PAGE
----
5. Modern technology, which seems particularly adept at messing with our sleep schedules, is certainly a large part of the problem.

      Prediction: The light from our computer and television screens makes it harder for us to fall asleep.

    6. Indeed, our classic eight-hour-night only dates back to the invention of the light bulb in the late 1800s. Historians believe that before the dawn of electric lighting most people got plenty of sleep, and practiced what they call “segmented sleep,” snoozing for several hours in the first part of the night, when darkness fell, then waking in the middle of the night for a few hours of eating, drinking, praying, chatting with friends or maybe even canoodling, before ducking back under the covers again until morning. The arrival of electricity, argues sleep historian A. Roger Ekirch, led to later bedtimes and fewer hours of sleep overall.

      Connection: People started staying up later because of the creation of the light bulb. This allowed for them to stay up and do whatever they wanted to do because they could still see. Today, we stay up on our cell phones because it is small enough to hold in our hands and we can communicate with people until we get tired.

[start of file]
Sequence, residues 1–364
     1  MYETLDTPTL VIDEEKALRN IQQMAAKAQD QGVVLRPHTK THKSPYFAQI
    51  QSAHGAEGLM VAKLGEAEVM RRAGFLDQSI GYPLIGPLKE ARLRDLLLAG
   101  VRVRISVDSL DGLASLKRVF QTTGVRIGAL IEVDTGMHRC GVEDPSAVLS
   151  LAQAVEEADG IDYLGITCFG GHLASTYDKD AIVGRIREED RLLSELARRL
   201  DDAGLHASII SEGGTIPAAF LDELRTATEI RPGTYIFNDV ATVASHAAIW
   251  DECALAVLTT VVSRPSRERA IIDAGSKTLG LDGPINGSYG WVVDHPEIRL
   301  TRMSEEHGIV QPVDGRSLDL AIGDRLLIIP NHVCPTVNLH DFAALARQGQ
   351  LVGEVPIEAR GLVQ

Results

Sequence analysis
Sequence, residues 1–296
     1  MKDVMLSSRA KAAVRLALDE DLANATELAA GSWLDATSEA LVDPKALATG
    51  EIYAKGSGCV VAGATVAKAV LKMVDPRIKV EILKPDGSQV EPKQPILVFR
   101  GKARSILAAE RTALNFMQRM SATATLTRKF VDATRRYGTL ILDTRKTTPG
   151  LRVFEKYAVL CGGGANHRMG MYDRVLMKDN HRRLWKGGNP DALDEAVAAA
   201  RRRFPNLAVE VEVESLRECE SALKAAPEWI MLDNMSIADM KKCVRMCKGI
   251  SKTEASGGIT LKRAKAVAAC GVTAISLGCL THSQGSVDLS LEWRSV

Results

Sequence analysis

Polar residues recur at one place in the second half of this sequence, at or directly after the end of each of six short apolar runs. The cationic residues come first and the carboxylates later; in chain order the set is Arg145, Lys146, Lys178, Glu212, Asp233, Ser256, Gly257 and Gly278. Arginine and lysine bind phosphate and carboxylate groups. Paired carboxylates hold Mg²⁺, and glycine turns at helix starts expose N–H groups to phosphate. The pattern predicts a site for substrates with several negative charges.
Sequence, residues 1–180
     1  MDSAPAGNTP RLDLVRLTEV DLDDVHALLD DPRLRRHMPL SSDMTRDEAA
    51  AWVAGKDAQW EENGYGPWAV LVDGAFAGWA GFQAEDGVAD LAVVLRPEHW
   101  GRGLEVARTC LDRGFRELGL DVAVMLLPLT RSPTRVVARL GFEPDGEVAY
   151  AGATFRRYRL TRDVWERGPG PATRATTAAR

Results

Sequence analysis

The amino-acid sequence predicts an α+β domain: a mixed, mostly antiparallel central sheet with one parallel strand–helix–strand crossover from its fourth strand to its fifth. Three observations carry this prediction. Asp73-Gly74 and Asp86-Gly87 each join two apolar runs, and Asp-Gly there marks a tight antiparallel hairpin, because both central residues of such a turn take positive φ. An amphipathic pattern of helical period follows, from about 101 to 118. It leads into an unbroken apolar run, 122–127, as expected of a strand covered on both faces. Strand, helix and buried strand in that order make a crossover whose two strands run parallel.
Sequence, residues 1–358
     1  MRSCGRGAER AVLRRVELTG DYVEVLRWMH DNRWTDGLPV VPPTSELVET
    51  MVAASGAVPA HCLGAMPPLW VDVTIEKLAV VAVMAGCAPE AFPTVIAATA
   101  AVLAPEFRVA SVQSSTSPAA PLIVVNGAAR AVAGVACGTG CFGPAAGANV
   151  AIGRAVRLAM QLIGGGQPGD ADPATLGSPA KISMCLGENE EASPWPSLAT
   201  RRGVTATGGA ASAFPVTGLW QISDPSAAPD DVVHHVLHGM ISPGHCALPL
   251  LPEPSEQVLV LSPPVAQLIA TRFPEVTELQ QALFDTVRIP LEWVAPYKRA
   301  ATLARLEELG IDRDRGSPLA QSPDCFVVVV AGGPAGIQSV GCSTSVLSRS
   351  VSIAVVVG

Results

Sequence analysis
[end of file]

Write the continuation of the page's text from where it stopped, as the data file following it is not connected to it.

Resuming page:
7. Our Sleep Problem and What to Do About It

      Question: Why is it difficult to get a good nights rest? What do we do before we go to bed? When do we go to bed? When do we get out of bed in the morning?

  2. Jan 2016
    1. https://www.youtube.com/watch?v=0u0Ql2Hnl8I

      Before: Watch the link. What are some reactions to the video? Why would a man alone on an island put a face on a volleyball? What is he thinking? How would you feel being all alone? Why do you think relationships are important?

    2. (Researchers Nicholas Christakis and James Fowler have found that men’s life expectancy benefits from marriage more than women’s do.)